Donating Your Car to Charity – What You Need to Know!

    A customer of mine, whose car recently “died”, told me he wanted to donate that car to charity for a tax deduction. I know that a number of people have expressed an interest in doing the same thing with their cars but think it is as simple as dropping their car off at their favorite charity and then just taking the tax deduction.

    Well it not quite that simple.

    So, for my customer, all of those who have expressed an interest in donating their vehicle, and all of my valued readers, I thought I would review the rules for donating a car.

    Taking a tax deduction for donating your car is not as easy as commercials make it out to be.
    Taking a tax deduction for donating your car is not as easy as commercials make it out to be.

    I have seen a lot of ads that entice you to donate your car to a charity and get a tax deduction – but you should be aware . . .

    First, you will get no tax benefit from donating your personal automobile to charity unless you can itemize on Schedule A! This means the total of your “itemizeable” deductions exceeds your applicable Standard Deduction amount. While the donation itself can put you over the top and cause you to be able to itemize, to get the maximum tax benefit you must be able to itemize without the car donation.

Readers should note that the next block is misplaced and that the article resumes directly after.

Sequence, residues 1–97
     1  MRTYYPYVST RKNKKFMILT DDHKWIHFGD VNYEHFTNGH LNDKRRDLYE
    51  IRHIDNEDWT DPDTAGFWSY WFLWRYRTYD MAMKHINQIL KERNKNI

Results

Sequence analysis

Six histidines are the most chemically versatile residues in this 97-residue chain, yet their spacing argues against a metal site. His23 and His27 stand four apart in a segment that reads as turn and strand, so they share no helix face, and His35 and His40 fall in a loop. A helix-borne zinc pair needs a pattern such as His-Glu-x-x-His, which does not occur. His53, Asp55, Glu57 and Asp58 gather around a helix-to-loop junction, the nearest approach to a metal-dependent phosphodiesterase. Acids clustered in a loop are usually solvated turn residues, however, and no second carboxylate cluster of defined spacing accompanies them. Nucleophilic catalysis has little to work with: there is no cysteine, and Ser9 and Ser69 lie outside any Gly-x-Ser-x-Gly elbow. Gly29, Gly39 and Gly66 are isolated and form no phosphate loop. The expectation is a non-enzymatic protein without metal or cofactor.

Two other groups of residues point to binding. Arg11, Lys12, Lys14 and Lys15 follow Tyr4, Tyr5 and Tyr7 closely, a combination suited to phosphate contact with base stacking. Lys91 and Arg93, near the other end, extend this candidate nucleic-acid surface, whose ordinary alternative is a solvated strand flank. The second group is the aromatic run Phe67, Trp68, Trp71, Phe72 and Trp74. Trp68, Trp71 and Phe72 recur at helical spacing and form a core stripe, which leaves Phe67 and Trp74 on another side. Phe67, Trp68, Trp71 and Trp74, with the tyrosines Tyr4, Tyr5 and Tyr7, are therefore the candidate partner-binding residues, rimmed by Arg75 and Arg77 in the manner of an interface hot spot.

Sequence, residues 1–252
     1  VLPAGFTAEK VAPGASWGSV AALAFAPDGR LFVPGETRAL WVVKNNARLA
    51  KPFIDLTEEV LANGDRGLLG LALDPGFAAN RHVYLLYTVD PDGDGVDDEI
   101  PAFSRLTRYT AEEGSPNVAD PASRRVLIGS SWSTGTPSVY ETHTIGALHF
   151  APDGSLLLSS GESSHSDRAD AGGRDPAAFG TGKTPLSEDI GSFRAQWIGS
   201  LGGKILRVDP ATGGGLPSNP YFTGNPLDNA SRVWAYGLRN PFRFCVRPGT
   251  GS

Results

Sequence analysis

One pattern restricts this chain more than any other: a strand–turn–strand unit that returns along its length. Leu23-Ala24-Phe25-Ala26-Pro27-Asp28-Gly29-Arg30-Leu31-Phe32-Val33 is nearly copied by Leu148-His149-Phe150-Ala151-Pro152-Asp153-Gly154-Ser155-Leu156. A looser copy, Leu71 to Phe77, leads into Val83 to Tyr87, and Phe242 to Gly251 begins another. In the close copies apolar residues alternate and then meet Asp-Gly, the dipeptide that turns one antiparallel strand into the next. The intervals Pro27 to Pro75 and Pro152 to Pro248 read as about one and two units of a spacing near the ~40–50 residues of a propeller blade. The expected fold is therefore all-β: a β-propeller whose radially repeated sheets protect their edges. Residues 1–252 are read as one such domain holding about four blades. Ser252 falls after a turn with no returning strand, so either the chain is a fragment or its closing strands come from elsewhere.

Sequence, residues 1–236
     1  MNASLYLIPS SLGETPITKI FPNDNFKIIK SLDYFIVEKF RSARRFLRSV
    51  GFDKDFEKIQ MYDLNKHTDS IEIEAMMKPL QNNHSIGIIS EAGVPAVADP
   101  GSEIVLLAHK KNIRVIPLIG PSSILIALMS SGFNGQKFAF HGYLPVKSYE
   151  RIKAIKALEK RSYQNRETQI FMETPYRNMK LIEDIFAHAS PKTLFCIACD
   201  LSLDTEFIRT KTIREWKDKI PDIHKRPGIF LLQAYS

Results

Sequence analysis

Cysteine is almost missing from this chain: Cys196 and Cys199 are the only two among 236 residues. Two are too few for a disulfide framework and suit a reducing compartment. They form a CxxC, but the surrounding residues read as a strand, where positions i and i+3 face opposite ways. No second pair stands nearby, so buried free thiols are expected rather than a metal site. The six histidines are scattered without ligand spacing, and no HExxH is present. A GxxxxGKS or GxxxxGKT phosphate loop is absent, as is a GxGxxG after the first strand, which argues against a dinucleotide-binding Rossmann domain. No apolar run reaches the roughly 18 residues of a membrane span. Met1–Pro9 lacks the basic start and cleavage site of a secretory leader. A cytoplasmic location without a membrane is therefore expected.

A few years ago a customer expressed excitement when telling me that he donated his car to charity, and that he expected to get a big tax deduction. Unfortunately, his tax benefit from the deduction was zero, nothing, zilch. He was not able to itemize, and had not in the past, and even with the addition of the value of the car he was still not able to itemize.

    FYI – you may want to itemize if your total deductions do not exceed your applicable Standard Deduction amount if you fall victim to the dreaded Alternative Minimum Tax (AMT). The Standard Deduction is not allowed in calculating AMT, but an itemized deduction for charitable contributions is.